Introdução às Bases de Dados

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1 Introdução às Bases de Dados 2011/12 Joaquim Silva

2 The Bases de Dados subject Objective: To provide the basis for the modeling, implementation, analysis and manipulation of relational databases. Operation: Theoretical lectures Practical lectures Exercises Evaluation: Practical work 50% - 2 Tests or Exame de Recurso (at least 10 valores ) 50% - Practical work (several phases with well defined deadlines) Web page: 2

3 Please be punctual Some rules and advices Please don t use cell phones in classroom. Please keep silence in classroom, unless to participate. Please participate in lectures (theorectical and practical). Put questions when something is not clear for you. Use time for questions and support (Mondays 10:00h 12:00h) office P3/6 Edif. II. Don t let doubts grow 3

4 What you can expect from me I will be punctual. Unless something unexpected happens I will be available to clarify your subject doubts Slides will be available soon after every lecture. I will respect the deadlines. I will prepare and give the lectures the best way I can 4

5 Algumas Recomendações Erros habituais: As aulas práticas são suficientes; Os testes/exames são uma questão de sorte pois são de escolha múltipla; Basta ir às aulas e dar uma vista de olhos pelos acetatos nas vésperas dos testes/exame; A matéria não é complicada. No entanto, é exigido um conhecimento profundo e rigoroso. Este conhecimento não se adquire na véspera do teste/exame. Requer um certo amadurecimento que só se obtém com tempo. 5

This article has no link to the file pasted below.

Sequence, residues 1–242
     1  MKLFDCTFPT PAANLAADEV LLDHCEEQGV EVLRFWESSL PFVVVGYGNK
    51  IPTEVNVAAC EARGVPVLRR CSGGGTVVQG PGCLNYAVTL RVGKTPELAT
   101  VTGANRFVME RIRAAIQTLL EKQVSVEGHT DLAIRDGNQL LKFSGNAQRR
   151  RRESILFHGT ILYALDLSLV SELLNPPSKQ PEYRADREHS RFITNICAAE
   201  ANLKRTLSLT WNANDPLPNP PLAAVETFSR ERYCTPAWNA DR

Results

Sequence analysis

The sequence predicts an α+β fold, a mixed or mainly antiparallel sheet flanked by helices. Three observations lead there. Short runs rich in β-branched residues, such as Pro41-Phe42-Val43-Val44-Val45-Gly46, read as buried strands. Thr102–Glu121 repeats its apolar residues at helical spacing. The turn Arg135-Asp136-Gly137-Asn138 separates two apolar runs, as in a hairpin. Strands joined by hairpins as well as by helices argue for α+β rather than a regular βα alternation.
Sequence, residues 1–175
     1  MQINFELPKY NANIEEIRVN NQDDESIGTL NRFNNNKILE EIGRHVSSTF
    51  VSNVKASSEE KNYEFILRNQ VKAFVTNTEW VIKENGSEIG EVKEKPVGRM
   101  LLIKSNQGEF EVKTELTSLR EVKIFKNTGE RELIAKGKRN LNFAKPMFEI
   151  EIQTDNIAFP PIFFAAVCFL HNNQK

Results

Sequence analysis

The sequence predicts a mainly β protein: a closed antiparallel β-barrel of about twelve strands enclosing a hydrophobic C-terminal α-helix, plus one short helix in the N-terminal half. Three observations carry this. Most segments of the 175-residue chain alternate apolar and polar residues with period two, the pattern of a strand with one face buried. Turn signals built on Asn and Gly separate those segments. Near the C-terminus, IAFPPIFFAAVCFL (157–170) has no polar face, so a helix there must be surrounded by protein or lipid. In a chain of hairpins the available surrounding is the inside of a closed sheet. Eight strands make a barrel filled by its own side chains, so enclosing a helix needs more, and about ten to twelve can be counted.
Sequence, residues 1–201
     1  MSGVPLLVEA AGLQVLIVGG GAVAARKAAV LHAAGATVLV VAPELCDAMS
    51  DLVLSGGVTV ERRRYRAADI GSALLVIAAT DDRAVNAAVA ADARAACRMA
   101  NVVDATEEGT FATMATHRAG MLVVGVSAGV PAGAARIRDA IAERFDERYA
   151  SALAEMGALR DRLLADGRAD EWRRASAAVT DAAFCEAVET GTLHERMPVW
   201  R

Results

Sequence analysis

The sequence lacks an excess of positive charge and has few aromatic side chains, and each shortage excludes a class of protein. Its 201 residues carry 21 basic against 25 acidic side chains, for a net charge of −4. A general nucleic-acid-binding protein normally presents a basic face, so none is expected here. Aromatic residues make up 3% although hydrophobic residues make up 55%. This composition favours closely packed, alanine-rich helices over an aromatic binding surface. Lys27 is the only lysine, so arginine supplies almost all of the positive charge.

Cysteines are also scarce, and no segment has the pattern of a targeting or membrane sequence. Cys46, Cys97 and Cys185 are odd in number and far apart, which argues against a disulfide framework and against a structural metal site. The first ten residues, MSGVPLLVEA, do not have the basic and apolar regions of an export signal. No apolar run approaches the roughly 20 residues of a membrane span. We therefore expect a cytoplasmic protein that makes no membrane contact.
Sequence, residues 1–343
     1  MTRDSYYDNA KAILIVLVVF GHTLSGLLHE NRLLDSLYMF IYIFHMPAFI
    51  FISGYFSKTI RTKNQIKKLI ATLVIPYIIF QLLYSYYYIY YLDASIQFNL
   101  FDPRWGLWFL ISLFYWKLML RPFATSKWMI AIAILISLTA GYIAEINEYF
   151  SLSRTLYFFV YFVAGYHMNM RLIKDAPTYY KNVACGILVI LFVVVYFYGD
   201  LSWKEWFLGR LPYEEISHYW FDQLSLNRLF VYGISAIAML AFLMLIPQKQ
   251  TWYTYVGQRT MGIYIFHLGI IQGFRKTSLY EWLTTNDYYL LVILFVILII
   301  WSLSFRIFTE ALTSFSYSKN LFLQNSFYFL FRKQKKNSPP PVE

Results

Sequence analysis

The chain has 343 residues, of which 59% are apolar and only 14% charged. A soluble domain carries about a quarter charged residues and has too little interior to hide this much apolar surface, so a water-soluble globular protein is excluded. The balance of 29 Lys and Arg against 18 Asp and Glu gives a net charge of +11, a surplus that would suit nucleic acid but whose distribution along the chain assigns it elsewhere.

6 Chapter 1: Introduction Purpose of Database Systems View of Data Data models Data Definition Language Data Manipulation Language Transaction Management Storage Management Database Administrator Database Users Global Structure of the Syste 6

7 DataBase management Systems (DBMS) DBMS contains information about a particular enterprise Collection of interrelated data Set of programs to access the data An environment that is both convenient and efficient to use Database Applications: Banking: all transactions Airlines: reservations, schedules Universities: registration, grades Sales: customers, products, purchases Online retailers: order tracking, customized recommendations Manufacturing: production, inventory, orders, supply chain Human resources: employee records, salaries, tax deductions Databases touch all aspects of our lives 7